Jürgen Moltmann Quotes.

11. "The motive that impels modern reason to know must be described as the desire to conquer and dominate. For the Greek philosophers and the Fathers of the church, knowing meant something different: it meant knowing in wonder. By knowing or perceiving one participates in the life of the other. Here knowing does not transform the counterpart into the property of the knower; the knower does not appropriate what he knows. On the contrary, he is transformed through sympathy, becoming a participant in what he perceives."
- Jürgen Moltmann, The Trinity and the Kingdom

12. "God does not suffer out of deficiency of being, like created beings. To this extent he is 'apathetic'. But he suffers from the love which is the superabundance and overflowing of his being. In so far he is 'pathetic'."
- Jürgen Moltmann, The Trinity and the Kingdom

13. "Totally without hope one cannot live. To live without hope is to cease to live. Hell is hopelessness. It is no accident that above the entrance to Dante's hell is the inscription: "Leave behind all hope, you who enter here."
- Jürgen Moltmann, Theology of Hope

14. "That is why faith, wherever it develops into hope, causes not rest but unrest, not patience but impatience. It does not calm the unquiet heart, but is itself this unquiet heart in man. Those who hope in Christ can no longer put up with reality as it is, but begin to suffer under it, to contradict it. Peace with God means conflict with the world, for the goad of the promised future stabs inexorably into the flesh of every unfulfilled present."
- Jürgen Moltmann, Theology of Hope

15. "[Faith] sees in the resurrection of Christ not the eternity of heaven, but the future of the very earth on which his cross stands. It sees in him the future of the very humanity for which he died. That is why it finds the cross the hope of the earth."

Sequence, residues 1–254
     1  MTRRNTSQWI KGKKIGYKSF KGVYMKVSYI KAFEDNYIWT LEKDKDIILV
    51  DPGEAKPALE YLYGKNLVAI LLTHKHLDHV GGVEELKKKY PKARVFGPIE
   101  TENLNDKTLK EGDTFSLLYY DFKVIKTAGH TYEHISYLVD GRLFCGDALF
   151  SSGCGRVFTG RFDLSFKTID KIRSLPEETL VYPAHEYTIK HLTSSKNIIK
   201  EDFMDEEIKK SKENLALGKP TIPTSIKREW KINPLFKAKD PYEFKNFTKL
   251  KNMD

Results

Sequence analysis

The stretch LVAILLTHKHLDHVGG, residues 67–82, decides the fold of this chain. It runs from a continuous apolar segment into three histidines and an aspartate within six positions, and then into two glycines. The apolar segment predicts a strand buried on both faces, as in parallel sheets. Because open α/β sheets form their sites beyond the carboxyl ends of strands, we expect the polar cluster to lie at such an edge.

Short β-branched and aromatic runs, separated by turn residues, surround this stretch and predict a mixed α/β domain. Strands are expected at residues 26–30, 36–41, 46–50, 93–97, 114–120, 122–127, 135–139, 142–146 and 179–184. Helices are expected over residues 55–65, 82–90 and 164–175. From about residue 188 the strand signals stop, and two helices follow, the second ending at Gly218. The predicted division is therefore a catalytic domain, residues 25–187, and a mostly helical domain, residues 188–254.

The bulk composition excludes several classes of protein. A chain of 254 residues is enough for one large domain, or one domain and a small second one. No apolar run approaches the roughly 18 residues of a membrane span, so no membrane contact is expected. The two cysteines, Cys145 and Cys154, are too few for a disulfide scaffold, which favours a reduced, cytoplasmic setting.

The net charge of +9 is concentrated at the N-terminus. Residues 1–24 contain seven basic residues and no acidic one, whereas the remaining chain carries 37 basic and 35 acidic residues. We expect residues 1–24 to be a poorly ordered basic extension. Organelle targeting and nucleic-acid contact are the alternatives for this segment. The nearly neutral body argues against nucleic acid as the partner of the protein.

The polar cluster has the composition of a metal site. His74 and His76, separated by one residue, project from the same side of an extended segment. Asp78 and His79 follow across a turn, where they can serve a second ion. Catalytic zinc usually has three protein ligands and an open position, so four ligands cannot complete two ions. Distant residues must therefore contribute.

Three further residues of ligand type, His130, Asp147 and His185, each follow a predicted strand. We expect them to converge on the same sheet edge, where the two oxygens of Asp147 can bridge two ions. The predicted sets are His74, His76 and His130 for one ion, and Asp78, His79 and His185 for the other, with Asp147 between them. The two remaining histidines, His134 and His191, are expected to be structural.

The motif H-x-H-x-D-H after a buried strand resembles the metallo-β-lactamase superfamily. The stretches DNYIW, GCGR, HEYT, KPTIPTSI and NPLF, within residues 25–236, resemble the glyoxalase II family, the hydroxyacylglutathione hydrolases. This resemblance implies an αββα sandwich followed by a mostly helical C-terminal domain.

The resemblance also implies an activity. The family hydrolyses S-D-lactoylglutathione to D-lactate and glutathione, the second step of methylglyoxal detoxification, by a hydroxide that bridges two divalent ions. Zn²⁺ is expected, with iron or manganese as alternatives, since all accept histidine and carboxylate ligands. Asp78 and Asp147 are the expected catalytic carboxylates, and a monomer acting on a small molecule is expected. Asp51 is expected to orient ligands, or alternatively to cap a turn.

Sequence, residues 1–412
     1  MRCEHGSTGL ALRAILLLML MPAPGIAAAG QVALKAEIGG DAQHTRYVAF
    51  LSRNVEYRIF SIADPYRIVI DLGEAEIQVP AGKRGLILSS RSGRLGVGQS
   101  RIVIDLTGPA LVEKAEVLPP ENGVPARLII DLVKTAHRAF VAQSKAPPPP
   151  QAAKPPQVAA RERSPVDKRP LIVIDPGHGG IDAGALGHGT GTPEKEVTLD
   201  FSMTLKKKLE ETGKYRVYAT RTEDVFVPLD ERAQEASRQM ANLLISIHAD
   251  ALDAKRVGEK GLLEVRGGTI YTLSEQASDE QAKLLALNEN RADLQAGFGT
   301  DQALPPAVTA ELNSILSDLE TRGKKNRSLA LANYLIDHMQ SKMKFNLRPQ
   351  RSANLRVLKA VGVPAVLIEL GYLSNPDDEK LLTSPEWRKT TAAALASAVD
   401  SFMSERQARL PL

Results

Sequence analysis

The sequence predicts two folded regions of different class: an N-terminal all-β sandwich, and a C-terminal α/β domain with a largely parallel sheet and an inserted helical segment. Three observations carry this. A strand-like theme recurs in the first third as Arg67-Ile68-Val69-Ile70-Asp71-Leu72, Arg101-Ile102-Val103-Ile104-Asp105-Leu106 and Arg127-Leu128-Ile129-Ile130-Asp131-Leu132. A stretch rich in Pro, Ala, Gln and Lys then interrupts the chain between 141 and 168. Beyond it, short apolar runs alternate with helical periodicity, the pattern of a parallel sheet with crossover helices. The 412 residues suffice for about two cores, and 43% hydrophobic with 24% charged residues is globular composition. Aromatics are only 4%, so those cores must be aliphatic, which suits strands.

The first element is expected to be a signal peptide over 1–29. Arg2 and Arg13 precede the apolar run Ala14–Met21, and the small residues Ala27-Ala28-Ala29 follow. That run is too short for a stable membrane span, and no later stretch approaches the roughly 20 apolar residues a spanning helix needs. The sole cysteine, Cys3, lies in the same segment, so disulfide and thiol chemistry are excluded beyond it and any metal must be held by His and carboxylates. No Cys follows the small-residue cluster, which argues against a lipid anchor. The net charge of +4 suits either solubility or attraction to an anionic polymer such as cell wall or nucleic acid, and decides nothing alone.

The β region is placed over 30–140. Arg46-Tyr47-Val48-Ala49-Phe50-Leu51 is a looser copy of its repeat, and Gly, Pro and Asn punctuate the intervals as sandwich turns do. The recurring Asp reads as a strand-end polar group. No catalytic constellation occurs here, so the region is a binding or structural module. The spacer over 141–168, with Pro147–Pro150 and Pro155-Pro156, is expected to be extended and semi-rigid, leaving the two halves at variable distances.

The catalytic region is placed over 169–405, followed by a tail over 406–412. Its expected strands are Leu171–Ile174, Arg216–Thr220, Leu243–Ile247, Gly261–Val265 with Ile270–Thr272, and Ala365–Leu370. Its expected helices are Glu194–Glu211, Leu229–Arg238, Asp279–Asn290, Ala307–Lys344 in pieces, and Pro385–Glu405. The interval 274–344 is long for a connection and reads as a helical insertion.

- Jürgen Moltmann, Theology of Hope

16. "When the fear of death leaves us, the destructive craving for life leaves us too. We can then restrict our desires and our demands to our natural requirements. The dreams of power and happiness and luxury and far-off places, which are used to create artificial wants, no longer entice us. They have become ludicrous. So we shall use only what we really need, and shall no longer be prepared to go along with the lunacy of extravagance and waste. We do not even need solemn appeals for saving and moderation; for life itself is glorious, and here joy in existence can be had for nothing."
- Jürgen Moltmann, The Power of the Powerless

17. "Resistance is the protest of those who hope, and hope is the feast of the people who resist."
- Jürgen Moltmann, The Power of the Powerless

18. "The new is preceded by the destruction of the old, that which has become guilty, and not out of the possebilities which we possess, but in the impossible situation which confronts us, that the new shows itself as God's creative act. God's new reality is always like a novum ex nihilo. When all hopes have died, there comes the wave of the future like a spirit of resurrection into the dead bones (Ezek. 37), creating hope against hope."
- Jürgen Moltmann, Religion

19. "But the ultimate reason for our hope is not to be found at all in what we want, wish for and wait for; the ultimate reason is that we are wanted and wished for and waited for. What is it that awaits us? Does anything await us at all, or are we alone? Whenever we base our hope on trust in the divine mystery, we feel deep down in our hearts: there is someone who is waiting for you, who is hoping for you, who believes in you. We are waited for as the prodigal son in the parable is waited for by his father. We are accepted and received, as a mother takes her children into her arms and comforts them. God is our last hope because we are God's first love."
- Jürgen Moltmann, The Source of Life: The Holy Spirit and the Theology of Life

20. "But for us this also means that in place of the spread of our Orthodox, Roman Catholic or Protestant churches we have to put a passion for the kingdom of God. Mission doesn't mean `compelling them to come in'! It is the invitation to God's future and to hope for the new creation of all things: `Behold, I am making all things new' - and you are invited to this divine future for the world!"
- Jürgen Moltmann, The Source of Life: The Holy Spirit and the Theology of Life

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